Forget the New Switch, We Want This Portable Docked Switch

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Sick of squinting while playing on the Nintendo Switch? One YouTuber has a unique solution for those looking to get cleaner visuals.

The video atop the page comes from YouTuber Pavlo Khmel, who set out to solve the problem of lower performance in handheld mode.

The idea behind the custom-made device makes a lot of sense. In handheld mode, the Switch natively drops in-game resolution down to 720p (from 1080p when docked). So to bump the resolution back up to 1080p, all you need to do is make a portable dock. Sounds obvious, right?

Big Plans

Pavlo Khmel's first portable docked Switch

Later in the video Khmel explains how he went about creating a portable dock. The first step was to rip the guts out of the official Nintendo dock. That way he’d have all the hardware he needs to get the Switch working in docked mode.

The next part of the grand plan saw a massive amount of 3D printing to create several pieces of a shell that could later be screwed together. Add in the guts from earlier, a power bank, a laptop screen, and some PCB boards and the end result is a portable docked Switch, complete with faster performance and 1080p visuals.

It Gets Better

Pavlo Khmel holding both versions of his portable docked Nintendo Switch

The main problem with the first model, according to Khmel, the speakers. The Switch’s speakers aren’t the loudest when undocked. Create a massive plastic tomb around it and you can imagine how quiet it’ll be.

The solution? That’s where things take an even more ridiculous turn.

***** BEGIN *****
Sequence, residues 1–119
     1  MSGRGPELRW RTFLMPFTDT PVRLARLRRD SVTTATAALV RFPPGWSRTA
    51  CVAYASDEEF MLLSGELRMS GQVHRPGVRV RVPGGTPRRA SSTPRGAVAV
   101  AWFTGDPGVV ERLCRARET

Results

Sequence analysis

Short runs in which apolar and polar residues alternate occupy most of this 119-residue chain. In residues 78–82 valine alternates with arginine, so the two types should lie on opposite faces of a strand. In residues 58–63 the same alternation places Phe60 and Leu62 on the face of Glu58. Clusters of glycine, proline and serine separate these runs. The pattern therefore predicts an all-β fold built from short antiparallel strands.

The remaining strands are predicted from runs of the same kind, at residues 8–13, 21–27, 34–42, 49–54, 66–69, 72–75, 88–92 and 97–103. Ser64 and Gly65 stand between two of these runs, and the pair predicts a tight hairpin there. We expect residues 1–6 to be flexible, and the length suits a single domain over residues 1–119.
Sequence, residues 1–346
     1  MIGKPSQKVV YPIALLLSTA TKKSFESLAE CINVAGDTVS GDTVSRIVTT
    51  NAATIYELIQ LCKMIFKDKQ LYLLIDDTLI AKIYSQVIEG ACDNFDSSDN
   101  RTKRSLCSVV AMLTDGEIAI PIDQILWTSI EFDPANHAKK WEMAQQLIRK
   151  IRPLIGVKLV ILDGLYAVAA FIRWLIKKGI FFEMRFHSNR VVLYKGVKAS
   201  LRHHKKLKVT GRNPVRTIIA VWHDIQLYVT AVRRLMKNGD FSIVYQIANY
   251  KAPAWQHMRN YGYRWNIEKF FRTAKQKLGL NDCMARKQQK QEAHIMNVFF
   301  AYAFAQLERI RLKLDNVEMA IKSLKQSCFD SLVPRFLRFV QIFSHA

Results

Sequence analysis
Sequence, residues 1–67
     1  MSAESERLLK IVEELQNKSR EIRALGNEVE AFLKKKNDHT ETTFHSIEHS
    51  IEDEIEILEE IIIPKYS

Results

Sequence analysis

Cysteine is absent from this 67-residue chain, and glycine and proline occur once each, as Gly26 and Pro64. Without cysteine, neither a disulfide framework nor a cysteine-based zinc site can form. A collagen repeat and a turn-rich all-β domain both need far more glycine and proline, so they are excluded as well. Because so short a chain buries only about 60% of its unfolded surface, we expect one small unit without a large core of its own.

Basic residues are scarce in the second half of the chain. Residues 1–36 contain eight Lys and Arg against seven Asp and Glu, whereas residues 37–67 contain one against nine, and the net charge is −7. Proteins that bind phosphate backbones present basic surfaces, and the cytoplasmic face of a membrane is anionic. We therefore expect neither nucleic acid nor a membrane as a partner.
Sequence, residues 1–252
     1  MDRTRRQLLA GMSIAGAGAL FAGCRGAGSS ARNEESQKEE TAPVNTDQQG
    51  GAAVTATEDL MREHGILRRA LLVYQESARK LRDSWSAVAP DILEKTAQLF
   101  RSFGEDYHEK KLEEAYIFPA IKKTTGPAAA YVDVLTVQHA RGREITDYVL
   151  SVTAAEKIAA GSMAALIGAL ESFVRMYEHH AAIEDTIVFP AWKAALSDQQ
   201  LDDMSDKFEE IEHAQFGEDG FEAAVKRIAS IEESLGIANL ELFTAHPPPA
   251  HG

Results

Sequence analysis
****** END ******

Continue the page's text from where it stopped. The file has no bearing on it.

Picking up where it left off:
Khmel goes on to not only create a second Switch shell, but he’s now also managed to work two JBL mini-speakers into the design. What’s even more amazing, with a newer power bank attached, the whole device can manage around five hours of battery life. And even when it is out of juice, the Switch can emerge still fully charged due to the power bank having charge passthrough. Amazing.

While not anywhere nearly as impressive, we recently got Xbox 360 games running on a Steam Deck. Badly, mind, with the exception of the Goldeneye Remaster. That game was one of the few that didn’t instantly crash.

Still, if you’re after something a little simpler that doesn’t require 3D printing and PCB board knowledge, seeing how far you can push the Steam Deck is a much more straightforward affair. Especially when you can hide all your mistakes with a quick factory reset.

All screencaps from Pavlo Khmel on YouTube.

Wesley Copeland
Wesley Copeland

Wesley Copeland is a gaming, tech, and toys journalist with over 10 years of experience writing online. Originally starting in video games before specializing in tech and toys, you can find his bylines at IGN, VG24/7, Kotaku, Tech Radar, Games Radar, PC Gamer, Heavy, and many more. He's also highly passionate about how tech can be used to better our day-to-day lives.